The Insider: Diss and Dat

Apr 27, 2008  •  Post A Comment

No A’s for Apologies …
If there’s anything The Insider finds more off-putting than offensive remarks made by folks privileged enough to be employed by or be guests on TV news programs, it’s unsatisfactory apologies uttered under duress by the offenders (or their paid spokespeople) who just want to get on with their ever-so-important lives.
In fact, it would be easier to find that old needle in a haystack than to think of a satisfactory apology given after televised offenses in recent memory.
Here’s The Insider’s litmus test for any apology: Would an offended or appalled spouse, significant other, parent or best friend accept it as an adequate apology for a comparable offense within those relationships?
Note to actress Jane Fonda, who uttered the four-letter “c” word no woman wants to be called during a live segment on “Today” in February: Leaving it to one’s publicist to say no disrespect was intended by the “slip” of the lip is worse than no apology at all—which is what the NBC morning show got from Ms. Fonda: No apology at all.
… for Boosterish Coverage
Because she does not wish to apologize to anyone she has not meant to offend with this item, it has been carefully (under)written (and rewritten). And it comes with an introductory declaration that The Insider intends no criticism of Catholics, unless they happen to be among the national and local reporters and anchors guilty of leaving all journalistic basics, standards and cautions at home when they covered Pope Benedict XVI’s trip to Washington, D.C., and New York City.
The Insider has heard less gushing and ga-ga coverage of holiday or Super Bowl champion parades. No one seemed to have told the newspeople or the religious experts that their role was to report, explain or put into context what was going on, not cheer or speak for the pontiff.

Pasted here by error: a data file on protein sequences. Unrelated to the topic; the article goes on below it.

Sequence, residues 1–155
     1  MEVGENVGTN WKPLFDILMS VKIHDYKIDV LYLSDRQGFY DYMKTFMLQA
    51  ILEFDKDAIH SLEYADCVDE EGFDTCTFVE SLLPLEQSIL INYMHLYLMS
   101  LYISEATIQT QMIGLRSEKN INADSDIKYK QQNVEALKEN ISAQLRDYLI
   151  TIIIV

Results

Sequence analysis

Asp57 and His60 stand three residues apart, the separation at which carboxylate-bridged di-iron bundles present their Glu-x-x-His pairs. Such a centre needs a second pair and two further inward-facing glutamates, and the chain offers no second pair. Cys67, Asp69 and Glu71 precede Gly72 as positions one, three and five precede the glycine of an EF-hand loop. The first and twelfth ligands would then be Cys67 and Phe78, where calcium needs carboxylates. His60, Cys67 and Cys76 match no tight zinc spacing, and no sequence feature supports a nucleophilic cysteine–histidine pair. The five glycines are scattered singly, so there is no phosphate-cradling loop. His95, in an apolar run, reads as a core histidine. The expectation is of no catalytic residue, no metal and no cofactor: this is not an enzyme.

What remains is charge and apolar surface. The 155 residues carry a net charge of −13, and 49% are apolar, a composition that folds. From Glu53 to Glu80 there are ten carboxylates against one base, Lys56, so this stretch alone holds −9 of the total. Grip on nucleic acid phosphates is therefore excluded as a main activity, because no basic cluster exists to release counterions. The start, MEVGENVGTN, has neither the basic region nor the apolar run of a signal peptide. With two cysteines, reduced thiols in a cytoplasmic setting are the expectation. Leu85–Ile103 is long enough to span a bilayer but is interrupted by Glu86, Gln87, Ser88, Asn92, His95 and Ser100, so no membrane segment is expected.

Journalistic offenses and lapses were the rule, not the exception.
The video record of the pope’s visit—which was part diplomacy, part heavily stage-managed missionary work—offers hours of grist for a journalism class in what not to do the next time the head of the Catholic church visits this country.
Worshipful phrases are not among the five W’s drummed into the heads of working journalists.
The Insider now is wearing a lightning rod and shoes with thick rubber soles 24/7.
… or the ‘GMA’ Cake
Speaking of lapses, “Good Morning America” might want to have someone proofread the frosted inscription on a birthday cake before they show it off to the camera next time.
At the end of the April 23 show, the ABC morning program wished Shirley Temple a happy 80th birthday in absentia.
The former child star and diplomat wasn’t there to partake of the cake, “which we’ll eat in your honor,” said Diane Sawyer.
Amid the pink frosting flowers and green frosting leaves, written in red frosting, were the words “Happy Birthday Shlrley.”
If someone wants to argue that was an “i” instead of an “l” in the first syllable in Ms. Temple’s name, The Insider will argue that it looked much more like the “l” in the second syllable than the “i” in the first syllable of “birthday.”
And it wouldn’t have taken anything but an artful swipe of a clean fingertip to remove any confusion.


  1. Michelle, my basic rule for an apology is: If it has the word “if” in it, it’s not an apology, it’s a conditional explanation.

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